Faith Arkorful: Two Poems
Am I Late To the Party or Something Because I Am in Perfect Working Order
but even just hearing the word hair makes me nauseous.
I have never had to relax my hair but my scalp feels
aflame all the same. I know every remedy and have
dipped a finger in every oil.
All my knowledge is not enough to stop dead men
from reaching out for a handful. On this head,
wildflowers grow in surplus. Dead men with soft hair
reach out and try to pluck at my head for flowers to
lay at their graves. I imagine this to be the only reason
because simple curiosity would be too childish. Mom
tells me that the truth of the matter is that the hands of
most strangers are laced in saltwater
and your hair will fall out if you let them touch.
She tells me to burn every shed hair or I’ll fall victim
to the obyeah that is other folk. If my hair is bramble
then let it be a burning bush. Today is all I have.
I’ve become a mean old dog with no teeth looking
for someone to bite. They have competitions for
ugly dogs but that seems paradoxical. The idea makes me
dig my finger into my gums.
The idea makes me rip my cuticles off. When I get like
this my sister comes to save me. She is not afraid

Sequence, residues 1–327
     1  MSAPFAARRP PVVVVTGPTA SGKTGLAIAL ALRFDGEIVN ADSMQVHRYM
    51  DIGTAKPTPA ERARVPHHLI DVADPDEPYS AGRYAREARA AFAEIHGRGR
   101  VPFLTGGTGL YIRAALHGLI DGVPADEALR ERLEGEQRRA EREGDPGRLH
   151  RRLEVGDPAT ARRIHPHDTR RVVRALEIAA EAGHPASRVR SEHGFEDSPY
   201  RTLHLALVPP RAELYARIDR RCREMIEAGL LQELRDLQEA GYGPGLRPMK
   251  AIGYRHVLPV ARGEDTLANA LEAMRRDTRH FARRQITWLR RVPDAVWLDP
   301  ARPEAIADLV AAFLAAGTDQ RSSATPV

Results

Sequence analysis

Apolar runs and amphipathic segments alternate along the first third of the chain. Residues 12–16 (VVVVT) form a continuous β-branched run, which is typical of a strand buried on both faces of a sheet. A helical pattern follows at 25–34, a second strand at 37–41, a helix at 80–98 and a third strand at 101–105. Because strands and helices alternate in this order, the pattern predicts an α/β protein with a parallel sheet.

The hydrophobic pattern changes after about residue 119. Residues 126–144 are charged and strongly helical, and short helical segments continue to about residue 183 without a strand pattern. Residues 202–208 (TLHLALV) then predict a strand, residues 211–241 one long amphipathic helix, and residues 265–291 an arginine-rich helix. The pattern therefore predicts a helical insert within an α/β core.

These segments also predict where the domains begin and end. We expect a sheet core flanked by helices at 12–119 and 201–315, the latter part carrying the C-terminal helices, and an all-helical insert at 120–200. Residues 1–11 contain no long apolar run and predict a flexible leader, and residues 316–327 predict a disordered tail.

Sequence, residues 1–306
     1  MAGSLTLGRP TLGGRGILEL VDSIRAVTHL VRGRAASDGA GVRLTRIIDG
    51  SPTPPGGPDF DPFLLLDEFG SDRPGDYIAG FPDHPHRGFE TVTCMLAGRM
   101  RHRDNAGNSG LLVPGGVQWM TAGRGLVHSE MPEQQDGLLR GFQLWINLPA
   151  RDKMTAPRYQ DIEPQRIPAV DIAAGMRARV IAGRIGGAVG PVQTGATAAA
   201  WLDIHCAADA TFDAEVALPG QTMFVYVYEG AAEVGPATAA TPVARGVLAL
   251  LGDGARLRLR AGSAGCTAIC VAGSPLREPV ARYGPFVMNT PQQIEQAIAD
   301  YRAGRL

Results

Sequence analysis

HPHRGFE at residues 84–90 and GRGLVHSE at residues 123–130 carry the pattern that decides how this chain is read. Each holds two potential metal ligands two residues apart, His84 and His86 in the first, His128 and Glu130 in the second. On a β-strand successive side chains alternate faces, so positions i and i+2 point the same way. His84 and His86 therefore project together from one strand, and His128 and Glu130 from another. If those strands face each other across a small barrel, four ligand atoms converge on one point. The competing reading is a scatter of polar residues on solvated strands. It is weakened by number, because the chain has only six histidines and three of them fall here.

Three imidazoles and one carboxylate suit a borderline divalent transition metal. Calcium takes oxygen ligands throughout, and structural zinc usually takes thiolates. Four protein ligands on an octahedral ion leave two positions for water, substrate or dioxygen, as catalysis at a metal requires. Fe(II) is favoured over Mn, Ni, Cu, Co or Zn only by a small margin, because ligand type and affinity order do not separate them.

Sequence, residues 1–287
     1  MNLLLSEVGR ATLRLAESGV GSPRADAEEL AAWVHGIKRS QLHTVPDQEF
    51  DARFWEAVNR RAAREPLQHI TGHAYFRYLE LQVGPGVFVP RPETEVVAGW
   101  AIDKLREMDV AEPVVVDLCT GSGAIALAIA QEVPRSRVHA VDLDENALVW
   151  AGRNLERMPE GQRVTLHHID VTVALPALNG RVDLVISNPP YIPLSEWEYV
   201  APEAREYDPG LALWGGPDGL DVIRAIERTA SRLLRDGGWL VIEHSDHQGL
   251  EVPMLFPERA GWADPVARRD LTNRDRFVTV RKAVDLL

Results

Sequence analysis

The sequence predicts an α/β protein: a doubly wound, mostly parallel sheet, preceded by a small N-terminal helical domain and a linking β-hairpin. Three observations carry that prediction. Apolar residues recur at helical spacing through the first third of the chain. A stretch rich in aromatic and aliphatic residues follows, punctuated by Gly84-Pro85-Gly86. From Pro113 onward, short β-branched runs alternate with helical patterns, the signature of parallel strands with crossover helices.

of dead men. I am so sick of your shit, she says in
a voice time hasn’t met the opportunity to crack.
She pulls at my hair like a pastor pulling the recently
baptized back above the surface. No one is too keen
to drown when facing the strength of her glory.
She does this for me every day. Her hair is tough.
She’s some sort of saviour, maybe the second coming.
The way things are going, it would
be rude to not stick around to see what’s next.
Migrant Worker as Temporary Illusionist
Yesterday night my uncle returned
from the farm last night which in itself is
a miracle. Some men fall from trees and
never get back up. I watch generations
grow and die in the harvest season.
Uncle returns each year a little
weaker and just as poor. Cheap apples
don’t cure the road. He brings a barrel of fruit
and my mother gives him my old phone.
Beetles flee from flame and I am a roach
shaking away from the light,
digging into a rotten apple,
eating the core and all the seeds.
For the best six months of the year Canada
steals my uncle away to dig around in the earth for
a hidden secret. One night I was born and
ever since I have had the smaller power
to argue about the price in which I am willing to
hurt. I do not use this shaky power because
I am probably a coward.
Real hurt is found in the constant reaching
upwards to pick fruit. This reaching shreds
lineages like a game of tug-of-war. We play
for keeps, for life. I do not use this shaky power
because I do not know how to use it. I do not
use this shaky power and all the apples go
bad before I can make anything out of them.
Faith Arkorful has had her work published in Hobart, Arc Poetry Magazine, Canthius, and The Puritan, amongst other places. Her poem "Vacation" was recently selected by Hoa Nguyen for inclusion in the Best Canadian Poetry in English 2018 anthology. She was born in Toronto, where she still resides.